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what price hardhat should charge next year and in the longer run 597890


Stan Brignall, Aston Business School, Aston University

Hardhat Limited’s Budget Committee, which has members drawn from all the major functions in the business, is meeting to consider the projected income statement for 2000/2001, which is composed of the ten months’ actuals to the end of January 2001 and estimates for the last two months of the financial year:

Hardhat Ltd: Projected Income Statement 2000/2001




Sales (100 000 units)



Cost of goods sold



Gross profit



Selling expenses



Administrative expenses






Net profit before tax



After some discussion of information principally supplied by the Finance Director, John Perks, the Committee agrees the following changes for the 2001/2002 budget:

30% increase in number of units sold

20% increase in unit cost of materials

5% increase in direct labour cost per unit

10% increase in variable indirect cost per unit

5% increase in indirect fixed costs

8% increase in selling expenses, arising solely from increased volume

6% increase in administrative expenses, reflecting anticipated higher salary and other costs rather than any effects of the expected increased sales volume.

The increase in sales volume is meant to be a significant step towards an ambitious target market share which was included in the latest review of Hardhat’s strategic plan at the insistence of the marketing manager, Keith Boskin. Despite the change in volume, inventory quantities are expected to change little next year because of planned efficiency gains in the supply and handling of materials and despatch of finished goods.

The composition of the production cost of a unit of finished product in 2000/2001 for materials, direct labour and production overhead was in the ratio of 3 : 2 : 1 respectively. In 2000/2001 £40 000 of the production overhead was fixed. No changes in production methods or credit policies are anticipated for 2001/2002.

The managing director, Steve Hartley, has set a target profit before tax for 2001/2002 of £2 000 000, and the Budget Committee are now debating what this might imply for the unit selling price, on the basis of the information they have assembled so far. The consensus appears to be that the profit target is very tough, but that presumably this is what Steve and the Chairman, Lord Haretop, believe the City expects.

Keith Boskin is worried that the imposition of the short-term target profit will jeopardize the staged attainment of his long-run market share. ‘I’m concerned that, in order to meet the profit (target imposed by Steve Hartley) we’ll have to drastically put up our, price. If that happens we might hit the profit, but it’ll ruin my plans for damaging the prospects of Farfetched Co., who have been trying to take market share from us for some while now via heavy marketing expenditure — I think they’re getting desperate because our cost structure and product quality are better than theirs! If we can just keep squeezing them for another year or two we might force them out of the market, or get them to agree to a takeover on reasonable terms. Then we’d effectively have the market to ourselves.’ Dick Whittington, Keith’s deputy, asked ‘rather than putting up the price, could we work out how many units we’d have to sell at the old price to meet the profit target? Then we could check to see whether it would be within the plant’s capacity.’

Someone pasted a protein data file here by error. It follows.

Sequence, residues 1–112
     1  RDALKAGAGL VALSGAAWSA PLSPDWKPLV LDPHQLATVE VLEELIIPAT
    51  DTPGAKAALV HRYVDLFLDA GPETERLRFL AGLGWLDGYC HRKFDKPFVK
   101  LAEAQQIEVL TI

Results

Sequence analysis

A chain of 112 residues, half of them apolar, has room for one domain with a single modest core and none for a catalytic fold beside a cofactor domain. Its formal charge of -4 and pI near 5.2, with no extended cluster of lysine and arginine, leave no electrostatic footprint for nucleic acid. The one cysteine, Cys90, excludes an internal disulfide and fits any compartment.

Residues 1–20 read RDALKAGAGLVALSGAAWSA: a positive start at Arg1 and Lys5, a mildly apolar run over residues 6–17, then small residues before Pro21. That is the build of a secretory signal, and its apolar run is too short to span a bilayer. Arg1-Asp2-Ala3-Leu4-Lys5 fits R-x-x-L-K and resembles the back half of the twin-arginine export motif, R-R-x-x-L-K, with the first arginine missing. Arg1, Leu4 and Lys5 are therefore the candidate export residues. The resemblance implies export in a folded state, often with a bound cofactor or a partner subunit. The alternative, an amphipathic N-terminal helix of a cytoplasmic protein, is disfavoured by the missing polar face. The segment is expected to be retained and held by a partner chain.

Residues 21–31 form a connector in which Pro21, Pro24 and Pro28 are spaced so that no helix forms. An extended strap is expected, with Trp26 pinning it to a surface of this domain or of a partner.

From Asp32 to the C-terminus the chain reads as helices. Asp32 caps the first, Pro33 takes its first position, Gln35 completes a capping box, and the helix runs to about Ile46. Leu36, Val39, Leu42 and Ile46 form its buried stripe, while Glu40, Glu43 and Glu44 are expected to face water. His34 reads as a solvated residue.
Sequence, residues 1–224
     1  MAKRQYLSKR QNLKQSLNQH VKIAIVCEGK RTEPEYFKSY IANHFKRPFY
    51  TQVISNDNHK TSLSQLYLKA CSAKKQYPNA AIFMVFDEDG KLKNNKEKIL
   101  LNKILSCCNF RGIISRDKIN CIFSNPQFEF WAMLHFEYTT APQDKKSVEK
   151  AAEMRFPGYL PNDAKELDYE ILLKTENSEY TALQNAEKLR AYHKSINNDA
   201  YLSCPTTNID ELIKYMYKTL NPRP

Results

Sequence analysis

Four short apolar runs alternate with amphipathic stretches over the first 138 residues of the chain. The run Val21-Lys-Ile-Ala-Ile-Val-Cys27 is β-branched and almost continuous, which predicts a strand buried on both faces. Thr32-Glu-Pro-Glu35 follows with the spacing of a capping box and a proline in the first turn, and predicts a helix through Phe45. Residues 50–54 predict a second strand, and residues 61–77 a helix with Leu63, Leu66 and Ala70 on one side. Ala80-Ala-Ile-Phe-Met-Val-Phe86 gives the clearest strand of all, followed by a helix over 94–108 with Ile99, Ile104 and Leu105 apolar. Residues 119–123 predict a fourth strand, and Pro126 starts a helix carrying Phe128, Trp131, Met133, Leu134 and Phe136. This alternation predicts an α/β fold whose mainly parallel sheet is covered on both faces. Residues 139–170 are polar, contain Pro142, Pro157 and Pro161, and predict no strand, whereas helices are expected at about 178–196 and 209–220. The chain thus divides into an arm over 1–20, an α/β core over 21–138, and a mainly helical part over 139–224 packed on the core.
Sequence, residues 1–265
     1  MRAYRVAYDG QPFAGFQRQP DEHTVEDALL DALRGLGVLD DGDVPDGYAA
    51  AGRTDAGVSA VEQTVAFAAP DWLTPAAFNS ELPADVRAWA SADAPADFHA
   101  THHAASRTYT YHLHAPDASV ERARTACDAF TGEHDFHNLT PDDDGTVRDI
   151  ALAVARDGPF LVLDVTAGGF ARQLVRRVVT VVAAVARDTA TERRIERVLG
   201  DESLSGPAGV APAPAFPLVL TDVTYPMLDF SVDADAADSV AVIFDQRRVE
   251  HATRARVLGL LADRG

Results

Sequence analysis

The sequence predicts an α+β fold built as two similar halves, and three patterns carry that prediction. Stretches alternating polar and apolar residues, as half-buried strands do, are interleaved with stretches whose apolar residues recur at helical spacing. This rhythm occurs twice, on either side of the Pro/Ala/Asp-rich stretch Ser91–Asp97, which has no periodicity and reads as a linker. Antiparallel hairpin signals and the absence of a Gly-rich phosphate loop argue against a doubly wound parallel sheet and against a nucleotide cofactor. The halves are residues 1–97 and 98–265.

Mark Catchall, the production manager, intervened at this point, saying ‘we can make up to 150 000 units a year with the present plant, but could we sustain that capacity output for long? I doubt it. We might have to invest in extra capacity, which is a whole new ball game. Besides, I don’t really believe we can sell an extra 30 000 units next year, never mind 50 000 units, especially at an enhanced price. I suspect we will only manage to sell an extra 20 000 units at best, and perhaps only 10 000: what would that do for our profits, John?’ John replied that he didn’t know, but would investigate the various suggestions and come back to the next meeting in a week’s time with some .

As he walked back to his office, John privately mused that perhaps the MD and Chairman wanted to boost short-term profits to make it easier to raise the finance to take over Farfetched Co., in which case it wouldn’t hurt to give some thought as to the best source of finance for such a deal.


Write a report to the Board of Hardhat Ltd setting-out the financial effects of the various proposals and make recommendations as to what price Hardhat should charge next year and in the longer run.

Your report and presentation should cover:

(a) the sales price needed to earn the target profit, using the information compiled by the budget committee;

(b) the number of units that would have to be sold at the old price to meet the target profit, and whether this seems feasible;

(c) what the profit would be if the sales price calculated in (a) were adopted, but sales volume only rose by 10%, or at best 20%;

(d) any other factors you think should be taken into account when making decisions about the price to be charged next year, such as any change in risk involved in the cost—volume—profit structure you propose; the link between short- and long-run prices; and the interactions between acquisitions policy, financing decisions and pricing decisions.

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